An adult emerald ash borer.
MINNESOTA DEPARTMENT OF NATURAL RESOURCES
Time is running out for a state program that covers as much as 40 percent of the costs private-property owners incur to have dead or dying ash trees taken down. After Nov. 30, they’ll be on their own.
Emerald ash borers crossed into Ohio in 2003, a year after they were found to have infested a Detroit suburb. The beetles likely established themselves in Michigan years earlier, after coming from China in shipping crates.
Homeowners have faced the choice of spending large sums, sometimes thousands of dollars, to take down their dead ash trees or assuming liability for them. Many insurers rewrote homeowner policies to exclude coverage for injuries and accidents caused by ash trees and their branches. The trees become brittle soon after they die.
This last call on a program administered by the Ohio Department of Natural Resources is one of the final local battles of a hard-fought war against one of North America’s worst invasive species. U.S. and Canadian scientists made a valiant effort to cut off the destructive pest from its only known food source.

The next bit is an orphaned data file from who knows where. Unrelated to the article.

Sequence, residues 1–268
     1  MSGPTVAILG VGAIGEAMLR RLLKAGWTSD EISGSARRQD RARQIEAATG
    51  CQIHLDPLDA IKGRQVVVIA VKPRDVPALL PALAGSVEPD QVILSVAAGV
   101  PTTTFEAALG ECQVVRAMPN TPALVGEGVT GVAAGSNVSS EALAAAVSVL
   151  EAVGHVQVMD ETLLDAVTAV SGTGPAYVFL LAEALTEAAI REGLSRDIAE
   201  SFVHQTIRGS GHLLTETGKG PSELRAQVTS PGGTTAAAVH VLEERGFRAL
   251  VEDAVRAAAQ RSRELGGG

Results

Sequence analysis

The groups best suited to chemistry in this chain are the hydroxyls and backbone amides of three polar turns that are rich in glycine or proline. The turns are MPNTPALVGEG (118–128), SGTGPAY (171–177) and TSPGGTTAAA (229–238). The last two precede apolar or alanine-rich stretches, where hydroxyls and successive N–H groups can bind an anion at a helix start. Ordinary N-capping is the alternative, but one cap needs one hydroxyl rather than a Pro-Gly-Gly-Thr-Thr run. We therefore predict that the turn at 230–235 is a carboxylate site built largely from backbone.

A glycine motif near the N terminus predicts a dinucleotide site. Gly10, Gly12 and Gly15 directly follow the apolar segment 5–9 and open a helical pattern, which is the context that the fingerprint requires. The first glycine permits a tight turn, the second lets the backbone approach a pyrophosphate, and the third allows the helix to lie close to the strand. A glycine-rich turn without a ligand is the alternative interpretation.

But they came to realize — after millions of dollars were spent to clear-cut swaths of healthy as well as diseased ash trees — that they never managed to surround the ash borer. The U.S. Department of Agriculture has poured money into developing insecticides, as well as hybrid trees that might withstand onslaughts by the insect. But the future looks bleak for most of the 10 billion ash trees east of the Rocky Mountains.
The destruction wrought by emerald ash borers, which are not native to North America, offers a graphic illustration of why public officials must take invasive species more seriously. Another invasive threat, Asian carp, jeopardizes the Great Lakes region’s $7 billion fishery.
There’s also a hard lesson of diversification: Ash trees were seen as an ideal replacement for American elms crippled by disease decades ago. Developers and property owners made the mistake of becoming too reliant on the species.
The Ohio DNR program covers 40 percent of the cost of removal of two ash trees per property owner. It requires estimates from three certified arborists. Owners in Lucas, Wood, Erie, Sandusky, Ottawa, Huron, and Lorain counties are eligible.
The saga over ash trees is winding down locally, but not globally. Lessons about invasive species and biodiversity remain to be learned.